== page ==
Because we had gotten out of VVR late we hadn’t been able to do as many miles that day. Only sixteen miles. That meant our next day had to eat up some more miles in order to make the last day into Tuolumne a twenty four mile day. Math, you don’ have to know the details, just know that we have been doing a lot of big days and man, is it exhausting. So we left purple lake, headed for Reds Meadow and beyond. The hike into Reds Meadow was extremely easy by PCT standards. We didn’t have to go over any passes or walk through any snow. Once we got in we did a little resupply, charged some things, and ate lunch at their little restaurant. I had two servings of pasta salad. It was very good pasta salad.
We digested for an hour before heading back out onto the trail, planning on doing another twelve miles to an unknown location (there weren’t any listed campsites twelve miles out but we were headed there anyway). As is typical for the Sierras these days, storm clouds were hanging around behind the mountains, piling up, and then, once again dispersing over the summits of granite, in one incredible plume. We found the water source we were heading too but there was no camping there. We hiked for another mile or so, carrying water for the next day, and finally spotted some flat looking spots down on an outcropping of rocks.
After we made our way down to them we discovered they were amazing camp spots, looking out across an amazing valley and straight at a flank of those rocky snowy mountains that make the Sierras so gorgeous. We set up and spent the rest of the night trying to get creative with making quesadillas. It is hard to effectively make quesadillas when the tortillas are bigger around than your pan is. It was Cameron’s last night. He claimed the quesadillas were the best he had ever tasted and as he munched on them the sun turned the mountains pink, and then lavender and then dusky blue behind him.
We woke up at four the next morning. We still had a twenty four mile day ahead of us to get to Tuolume meadows, where we needed to pick up our next food drop as well as get picked up by Cameron’s friend Kenzie. It was a two pass morning, over Island Pass first and then over Donahue. Another gorgeous day, a lot of water to cross, a lot of mud puddles to walk through, a lot of day hikers to pass. Island Pass was hardly a pass, Donahue was an easy climb and there was less snow on the other side than even we had hoped for. Once we were over Donahue we could see an incredibly flat bottomed valley down bellow us with a river snaking back and forth across it. This fit what we could see on Guthook. Once we reached the valley floor the elevation profile was flat for the next ten miles.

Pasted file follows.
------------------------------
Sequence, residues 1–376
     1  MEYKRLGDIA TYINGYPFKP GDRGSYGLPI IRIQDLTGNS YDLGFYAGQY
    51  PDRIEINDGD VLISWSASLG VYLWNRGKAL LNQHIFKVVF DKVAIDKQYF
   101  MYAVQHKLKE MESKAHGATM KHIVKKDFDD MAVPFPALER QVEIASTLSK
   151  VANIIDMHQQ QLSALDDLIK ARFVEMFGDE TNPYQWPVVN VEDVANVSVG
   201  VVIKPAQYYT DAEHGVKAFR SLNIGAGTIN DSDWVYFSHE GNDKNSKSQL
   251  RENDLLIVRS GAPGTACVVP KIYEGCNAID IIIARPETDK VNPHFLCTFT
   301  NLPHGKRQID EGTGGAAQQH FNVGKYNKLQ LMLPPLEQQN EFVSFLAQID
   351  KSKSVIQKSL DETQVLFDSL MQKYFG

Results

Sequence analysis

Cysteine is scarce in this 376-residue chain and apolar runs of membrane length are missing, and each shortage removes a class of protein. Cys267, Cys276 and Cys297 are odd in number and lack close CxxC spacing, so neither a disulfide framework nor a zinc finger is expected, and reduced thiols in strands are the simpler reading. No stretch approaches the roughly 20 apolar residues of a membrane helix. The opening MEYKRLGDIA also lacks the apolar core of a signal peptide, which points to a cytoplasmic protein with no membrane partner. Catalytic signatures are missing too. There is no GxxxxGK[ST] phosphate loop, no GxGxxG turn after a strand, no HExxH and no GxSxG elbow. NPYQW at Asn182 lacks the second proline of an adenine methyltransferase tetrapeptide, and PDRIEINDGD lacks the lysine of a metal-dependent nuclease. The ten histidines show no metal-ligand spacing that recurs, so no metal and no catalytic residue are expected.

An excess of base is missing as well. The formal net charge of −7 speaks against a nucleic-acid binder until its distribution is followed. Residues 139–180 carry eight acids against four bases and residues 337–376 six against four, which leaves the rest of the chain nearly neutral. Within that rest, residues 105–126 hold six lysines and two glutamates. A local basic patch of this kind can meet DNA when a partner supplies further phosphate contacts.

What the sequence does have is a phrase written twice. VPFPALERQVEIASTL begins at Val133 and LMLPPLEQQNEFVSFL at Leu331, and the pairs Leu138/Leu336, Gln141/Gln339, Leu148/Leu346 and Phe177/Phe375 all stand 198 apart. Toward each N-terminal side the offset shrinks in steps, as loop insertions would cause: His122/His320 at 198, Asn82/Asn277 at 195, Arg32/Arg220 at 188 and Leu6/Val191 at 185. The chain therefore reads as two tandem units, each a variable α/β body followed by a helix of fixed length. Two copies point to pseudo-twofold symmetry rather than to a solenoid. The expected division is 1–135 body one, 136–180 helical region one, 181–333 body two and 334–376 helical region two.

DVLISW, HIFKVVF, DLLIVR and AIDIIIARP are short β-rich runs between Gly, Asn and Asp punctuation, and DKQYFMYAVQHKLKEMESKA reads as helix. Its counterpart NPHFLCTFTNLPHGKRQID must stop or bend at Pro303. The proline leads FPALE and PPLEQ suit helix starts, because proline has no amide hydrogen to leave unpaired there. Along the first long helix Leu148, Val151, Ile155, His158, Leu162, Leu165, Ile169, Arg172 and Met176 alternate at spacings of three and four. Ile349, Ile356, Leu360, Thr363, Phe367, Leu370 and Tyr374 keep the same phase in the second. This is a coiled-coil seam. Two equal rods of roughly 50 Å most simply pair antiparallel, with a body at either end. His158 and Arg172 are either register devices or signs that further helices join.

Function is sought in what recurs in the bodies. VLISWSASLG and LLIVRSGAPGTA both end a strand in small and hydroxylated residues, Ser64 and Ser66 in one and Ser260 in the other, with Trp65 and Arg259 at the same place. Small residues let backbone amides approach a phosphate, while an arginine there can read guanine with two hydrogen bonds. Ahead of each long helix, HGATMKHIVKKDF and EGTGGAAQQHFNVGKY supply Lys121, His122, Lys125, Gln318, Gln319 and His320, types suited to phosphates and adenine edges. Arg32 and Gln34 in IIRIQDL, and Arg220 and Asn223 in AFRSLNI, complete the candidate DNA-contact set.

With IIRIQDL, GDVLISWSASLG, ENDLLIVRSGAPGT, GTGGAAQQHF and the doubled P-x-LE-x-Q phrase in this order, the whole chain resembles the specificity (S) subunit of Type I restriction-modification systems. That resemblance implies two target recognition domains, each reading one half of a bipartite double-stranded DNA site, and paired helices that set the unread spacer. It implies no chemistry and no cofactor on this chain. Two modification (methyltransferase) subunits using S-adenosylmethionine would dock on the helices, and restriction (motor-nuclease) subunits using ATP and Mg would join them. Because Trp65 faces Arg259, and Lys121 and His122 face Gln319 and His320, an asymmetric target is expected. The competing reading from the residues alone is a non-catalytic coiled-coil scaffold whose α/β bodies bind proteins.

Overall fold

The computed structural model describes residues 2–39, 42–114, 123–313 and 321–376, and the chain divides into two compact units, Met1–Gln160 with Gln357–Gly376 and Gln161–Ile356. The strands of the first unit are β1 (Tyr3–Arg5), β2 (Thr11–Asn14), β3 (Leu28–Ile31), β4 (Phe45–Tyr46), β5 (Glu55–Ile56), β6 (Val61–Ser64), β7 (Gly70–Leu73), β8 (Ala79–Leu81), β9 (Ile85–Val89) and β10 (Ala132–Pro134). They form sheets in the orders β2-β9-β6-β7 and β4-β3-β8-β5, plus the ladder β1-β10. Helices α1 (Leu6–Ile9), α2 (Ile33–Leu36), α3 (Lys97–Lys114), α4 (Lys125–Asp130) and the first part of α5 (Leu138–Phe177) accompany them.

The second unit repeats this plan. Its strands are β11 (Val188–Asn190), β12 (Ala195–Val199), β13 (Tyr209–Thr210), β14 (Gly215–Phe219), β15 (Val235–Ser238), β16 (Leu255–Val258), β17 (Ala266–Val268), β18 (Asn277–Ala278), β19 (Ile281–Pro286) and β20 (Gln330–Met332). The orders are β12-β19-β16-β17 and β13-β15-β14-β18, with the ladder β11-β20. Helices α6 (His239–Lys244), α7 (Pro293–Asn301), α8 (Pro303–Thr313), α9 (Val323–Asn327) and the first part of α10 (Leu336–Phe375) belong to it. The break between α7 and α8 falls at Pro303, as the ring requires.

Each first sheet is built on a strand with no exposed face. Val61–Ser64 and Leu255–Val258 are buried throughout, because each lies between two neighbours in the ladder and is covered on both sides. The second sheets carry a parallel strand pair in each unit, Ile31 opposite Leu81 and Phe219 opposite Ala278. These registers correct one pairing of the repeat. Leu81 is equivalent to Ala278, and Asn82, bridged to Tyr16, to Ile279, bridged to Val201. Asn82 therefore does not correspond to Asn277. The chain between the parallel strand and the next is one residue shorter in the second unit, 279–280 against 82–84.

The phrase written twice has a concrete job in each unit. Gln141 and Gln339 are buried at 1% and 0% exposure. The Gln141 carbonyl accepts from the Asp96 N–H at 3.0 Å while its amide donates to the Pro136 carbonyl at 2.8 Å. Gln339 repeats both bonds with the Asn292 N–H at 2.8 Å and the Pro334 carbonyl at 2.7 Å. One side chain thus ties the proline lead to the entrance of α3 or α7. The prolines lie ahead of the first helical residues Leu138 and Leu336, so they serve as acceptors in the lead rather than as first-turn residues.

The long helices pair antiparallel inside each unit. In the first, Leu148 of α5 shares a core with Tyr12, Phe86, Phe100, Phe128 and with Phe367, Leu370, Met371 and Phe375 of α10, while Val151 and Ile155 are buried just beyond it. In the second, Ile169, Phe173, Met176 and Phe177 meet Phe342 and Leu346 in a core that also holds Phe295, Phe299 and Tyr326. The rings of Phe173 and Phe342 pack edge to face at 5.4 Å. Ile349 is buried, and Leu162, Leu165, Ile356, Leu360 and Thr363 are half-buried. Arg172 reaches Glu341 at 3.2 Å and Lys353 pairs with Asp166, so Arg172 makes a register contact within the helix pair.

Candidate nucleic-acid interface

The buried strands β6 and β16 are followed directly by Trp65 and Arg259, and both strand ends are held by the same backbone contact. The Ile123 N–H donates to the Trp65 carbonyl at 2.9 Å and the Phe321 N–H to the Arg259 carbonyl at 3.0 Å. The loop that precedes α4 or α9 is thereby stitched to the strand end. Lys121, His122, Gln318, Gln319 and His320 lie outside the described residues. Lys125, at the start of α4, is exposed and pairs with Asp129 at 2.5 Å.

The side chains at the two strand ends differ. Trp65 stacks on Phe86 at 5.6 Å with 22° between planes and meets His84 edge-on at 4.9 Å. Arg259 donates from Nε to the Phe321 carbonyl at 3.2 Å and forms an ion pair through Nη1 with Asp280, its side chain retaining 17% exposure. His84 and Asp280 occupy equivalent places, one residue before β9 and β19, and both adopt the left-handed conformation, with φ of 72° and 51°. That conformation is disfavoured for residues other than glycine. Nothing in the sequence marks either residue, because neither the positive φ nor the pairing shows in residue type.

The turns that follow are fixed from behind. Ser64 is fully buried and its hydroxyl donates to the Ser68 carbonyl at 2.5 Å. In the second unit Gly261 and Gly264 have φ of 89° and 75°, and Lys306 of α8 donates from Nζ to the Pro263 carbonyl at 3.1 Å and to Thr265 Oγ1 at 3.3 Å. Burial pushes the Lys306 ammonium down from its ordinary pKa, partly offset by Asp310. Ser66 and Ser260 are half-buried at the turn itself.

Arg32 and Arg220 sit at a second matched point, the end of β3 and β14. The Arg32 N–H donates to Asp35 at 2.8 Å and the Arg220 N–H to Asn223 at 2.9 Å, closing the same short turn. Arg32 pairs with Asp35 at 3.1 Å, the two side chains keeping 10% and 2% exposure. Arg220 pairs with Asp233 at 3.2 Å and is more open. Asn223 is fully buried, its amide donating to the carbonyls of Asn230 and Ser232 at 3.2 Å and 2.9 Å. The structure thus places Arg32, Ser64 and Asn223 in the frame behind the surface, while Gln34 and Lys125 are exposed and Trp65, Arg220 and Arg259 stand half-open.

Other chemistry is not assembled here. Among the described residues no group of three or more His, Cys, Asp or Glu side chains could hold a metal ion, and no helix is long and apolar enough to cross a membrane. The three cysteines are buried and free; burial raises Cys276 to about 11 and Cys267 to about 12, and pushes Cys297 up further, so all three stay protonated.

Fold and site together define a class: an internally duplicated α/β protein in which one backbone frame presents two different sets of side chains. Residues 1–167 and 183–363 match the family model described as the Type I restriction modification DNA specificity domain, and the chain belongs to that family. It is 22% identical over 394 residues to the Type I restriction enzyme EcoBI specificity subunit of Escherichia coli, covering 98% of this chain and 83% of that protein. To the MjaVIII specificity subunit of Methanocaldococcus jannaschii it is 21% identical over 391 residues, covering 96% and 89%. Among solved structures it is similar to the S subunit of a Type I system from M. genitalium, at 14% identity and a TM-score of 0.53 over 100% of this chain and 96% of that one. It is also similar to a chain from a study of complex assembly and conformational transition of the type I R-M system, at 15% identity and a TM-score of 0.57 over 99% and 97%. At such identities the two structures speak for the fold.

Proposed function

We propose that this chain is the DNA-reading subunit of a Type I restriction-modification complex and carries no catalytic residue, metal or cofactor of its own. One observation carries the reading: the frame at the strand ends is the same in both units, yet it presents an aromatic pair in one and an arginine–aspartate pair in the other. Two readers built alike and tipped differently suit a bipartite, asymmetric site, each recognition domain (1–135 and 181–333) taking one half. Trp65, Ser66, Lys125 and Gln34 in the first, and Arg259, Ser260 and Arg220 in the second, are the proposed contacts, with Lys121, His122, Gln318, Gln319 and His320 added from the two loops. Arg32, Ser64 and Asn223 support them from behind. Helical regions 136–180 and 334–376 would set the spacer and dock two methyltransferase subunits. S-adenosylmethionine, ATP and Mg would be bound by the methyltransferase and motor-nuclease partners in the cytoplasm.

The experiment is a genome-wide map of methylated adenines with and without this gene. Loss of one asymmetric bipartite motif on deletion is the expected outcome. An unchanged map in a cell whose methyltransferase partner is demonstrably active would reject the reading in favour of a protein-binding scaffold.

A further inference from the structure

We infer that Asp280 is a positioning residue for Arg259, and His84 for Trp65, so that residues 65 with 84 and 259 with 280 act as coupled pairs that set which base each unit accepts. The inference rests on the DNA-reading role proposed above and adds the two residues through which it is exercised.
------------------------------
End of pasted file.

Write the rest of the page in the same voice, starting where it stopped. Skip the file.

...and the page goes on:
We sped through the day, hiking past a Mediterranean blue river running through a snake green meadow and leapfrogging with two backpackers wearing full mosquito suiting. We finally got to Tuolumne where the post office guy informed us we were just in time, they were about to close up shop. We picked up some very beautifully decorated packages from my mom and waited for Kenzie. Around five thirty Cameron finally got ahold of her only to discover she had driven to the wrong Tuolumne. It is confusing because all these passes, like Sanora Pass have a corresponding town down in the valley. The Tuolume down in the valley was two hours away. Damn. For her and for us! Luckily for us we got a hitch after about five minutes from a really cool climber, biker, hiker chick who took us all the way to Lee Vining, right up to the front door of our hotel in a downpour.
We took Cameron out for his last beer and dinner on trail. We ate BBQ. Kenzie showed up half way through dinner after a grueling five hours of driving, poor girl. But she turned out to be an angel because she brought us Indian food, fruits, vegetables, hummus, and homemade zucchini bread. Home baked zucchini bread. It is amazing. We love her. After they dropped us back off at our hotel room her and Cameron headed out before there could be any tears, to Reno and beyond. So, Cameron is gone.
It is strange, but I definitely know he is gone because for the last 750 miles there hasn’t been a lot of time spent out of eachother’s sight. How lucky am I to have a brother I can hike with for that long? There were arguments, between the three of us, two vs one, always taking different people’s sides, but they always resolved themselves in a cloud of farts and giggles. He made a great thru hiker. He is confident, spunky, sturdy, determined. Even when his ankle was clearly sprained he braced it and kept hiking. Walk it off, right? He gave us both shit and we gave it right back. I worried about him being warm enough in his tent every night. He was so hungry and so tired and so happy he cried multiple times. I was told every day you should shout for joy out here, but crying tears of joy, that seems completely sufficient. At dinner we talked a little bit about what it meant to him to thru hike, but I know that it is hard to even process what he has done so far. He pointed out that it must be different for him, because he had an end in sight, we pointed out that we have an end in sight too, the end of the trail. Everyone has journeys and adventures, sometimes we know when they will end, sometimes we don’t, but no matter where you are going, you know when you get there. I am going to miss my brother out here, but Kyle and my’s journey is really just beginning.